Young Womans Creek
The northernmost branches of the creek are the County Line Branch and the Dyer Branch, which joins the County Line Branch in the midst of Susquehannock State Forest. The Wilcox Branch has its origins further south, running along the east side of Lecox Ridge in the forest, and emptying into the County Line Branch just south of the Potter County line, in Clinton County. By this time, the converging branches both lie in deep, wooded gorges. The Baldwin Branch rises to the east near the Pump Station Fire Tower and reaches the County Line Branch a little below the last confluence, forming the main stream of the Right Branch. Benson Run discharges into the Baldwin Branch a little above the confluence.
The valley is now somewhat wider, but very steep-sided. Lebo Run empties into it a little further below, and then Laurel Fork. Bull Run enters the creek just before it enters Sproul State Forest and meets McUrquoy Run. Summerson Run and then Shaney Brook also enter it before it leaves the state forest, and, just below, joins the Left Branch to form the main stream.
The Left Branch arises in a natural gas field in Potter County. Flowing southward through Susquehannock State Park in a deep and narrow gorge, it is joined by Spring Brook and Greenlick Run, and then the Shingle Branch. Hollows made by smaller streams appear along both sides of the canyon.
The Osborne Branch arises to the west of the Left Branch in the gas field, and is soon joined by the small Scout Branch, rising further to the west, and then by the westernmost Porter Branch to form the Shingle Branch and enter Sproul State Forest. The Shingle Branch is at first somewhat crooked and marked by hollows, but the lower part of its course is straight and steep to the junction with the Left Branch.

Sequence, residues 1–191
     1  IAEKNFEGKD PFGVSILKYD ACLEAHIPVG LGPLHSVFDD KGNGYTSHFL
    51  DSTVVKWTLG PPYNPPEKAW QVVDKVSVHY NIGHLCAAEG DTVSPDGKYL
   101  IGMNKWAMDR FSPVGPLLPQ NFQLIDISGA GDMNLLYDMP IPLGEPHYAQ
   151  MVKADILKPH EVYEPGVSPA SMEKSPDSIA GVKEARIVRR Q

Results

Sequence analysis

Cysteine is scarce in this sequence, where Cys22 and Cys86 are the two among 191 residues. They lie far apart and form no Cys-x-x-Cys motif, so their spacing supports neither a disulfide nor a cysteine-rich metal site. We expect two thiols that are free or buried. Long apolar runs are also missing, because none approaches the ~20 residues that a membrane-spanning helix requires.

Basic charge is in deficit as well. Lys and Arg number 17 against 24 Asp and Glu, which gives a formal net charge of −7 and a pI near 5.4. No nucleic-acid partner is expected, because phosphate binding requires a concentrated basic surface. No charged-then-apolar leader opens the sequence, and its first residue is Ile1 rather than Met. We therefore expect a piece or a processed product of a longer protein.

South of the confluence, Mudlick Run is the last named tributary before the Left Branch exits the State Forest and joins the Right Branch.
Main Stream Young Woman's Creek
The watershed is largely uninhabited, and is heavily forested by pine and hemlock. The Mensch & Lowenstein partnership ran a narrow gauge logging railroad three or four miles up the Right Branch from Gleasonton to supply their sawmill there, 1872–1878.
From 1893–1903, the North Bend and Kettle Creek Railroad (standard gauge) had extensive logging operations on both branches, and the Slate Run Railroad (3-foot gauge) operated on the upper part of the County Line Branch for some time between 1886–1910.
- U.S. Geological Survey. National Hydrography Dataset high-resolution flowline data. The National Map, accessed August 8, 2011. Mileage includes length of "Right Branch", shown as main stem of creek in dataset.
- Gertler, Edward. Keystone Canoeing, Seneca Press, 2004. ISBN 0-9749692-0-6
- Taber, Thomas T., III (1987). Railroads of Pennsylvania Encyclopedia and Atlas. Thomas T. Taber III. ISBN 0-9603398-5-X.